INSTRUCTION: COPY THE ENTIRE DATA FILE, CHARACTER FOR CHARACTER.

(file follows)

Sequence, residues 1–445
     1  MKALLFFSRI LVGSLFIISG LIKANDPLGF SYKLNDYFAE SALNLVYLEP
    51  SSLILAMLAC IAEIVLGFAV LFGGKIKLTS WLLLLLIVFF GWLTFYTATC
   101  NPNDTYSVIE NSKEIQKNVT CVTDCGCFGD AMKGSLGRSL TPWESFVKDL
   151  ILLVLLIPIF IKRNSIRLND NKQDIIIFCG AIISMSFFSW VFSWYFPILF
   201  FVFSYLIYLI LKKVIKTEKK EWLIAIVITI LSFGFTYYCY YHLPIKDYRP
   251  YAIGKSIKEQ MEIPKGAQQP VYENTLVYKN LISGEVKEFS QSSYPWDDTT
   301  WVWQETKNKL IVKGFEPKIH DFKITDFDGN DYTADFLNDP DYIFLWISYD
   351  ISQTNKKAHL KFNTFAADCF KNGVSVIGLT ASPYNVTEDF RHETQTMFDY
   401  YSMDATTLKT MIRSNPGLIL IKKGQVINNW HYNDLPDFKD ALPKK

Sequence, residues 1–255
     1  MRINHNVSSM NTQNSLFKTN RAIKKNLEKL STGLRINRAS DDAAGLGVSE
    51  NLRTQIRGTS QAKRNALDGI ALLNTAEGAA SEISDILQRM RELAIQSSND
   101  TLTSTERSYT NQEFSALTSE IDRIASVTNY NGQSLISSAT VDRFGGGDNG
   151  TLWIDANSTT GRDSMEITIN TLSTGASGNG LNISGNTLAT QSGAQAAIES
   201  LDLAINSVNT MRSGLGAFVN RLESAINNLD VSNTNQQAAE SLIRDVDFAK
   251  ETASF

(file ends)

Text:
Sequence, residues 1–445
     1  MKALLFFSRI LVGSLFIISG LIKANDPLGF SYKLNDYFAE SALNLVYLEP
    51  SSLILAMLAC IAEIVLGFAV LFGGKIKLTS WLLLLLIVFF GWLTFYTATC
   101  NPNDTYSVIE NSKEIQKNVT CVTDCGCFGD AMKGSLGRSL TPWESFVKDL
   151  ILLVLLIPIF IKRNSIRLND NKQDIIIFCG AIISMSFFSW VFSWYFPILF
   201  FVFSYLIYLI LKKVIKTEKK EWLIAIVITI LSFGFTYYCY YHLPIKDYRP
   251  YAIGKSIKEQ MEIPKGAQQP VYENTLVYKN LISGEVKEFS QSSYPWDDTT
   301  WVWQETKNKL IVKGFEPKIH DFKITDFDGN DYTADFLNDP DYIFLWISYD
   351  ISQTNKKAHL KFNTFAADCF KNGVSVIGLT ASPYNVTEDF RHETQTMFDY
   401  YSMDATTLKT MIRSNPGLIL IKKGQVINNW HYNDLPDFKD ALPKK

Sequence, residues 1–255
     1  MRINHNVSSM NTQNSLFKTN RAIKKNLEKL STGLRINRAS DDAAGLGVSE
    51  NLRTQIRGTS QAKRNALDGI ALLNTAEGAA SEISDILQRM RELAIQSSND
   101  TLTSTERSYT NQEFSALTSE IDRIASVTNY NGQSLISSAT VDRFGGGDNG
   151  TLWIDANSTT GRDSMEITIN TLSTGASGNG LNISGNTLAT QSGAQAAIES
   201  LDLAINSVNT MRSGLGAFVN RLESAINNLD VSNTNQQAAE SLIRDVDFAK
   251  ETASF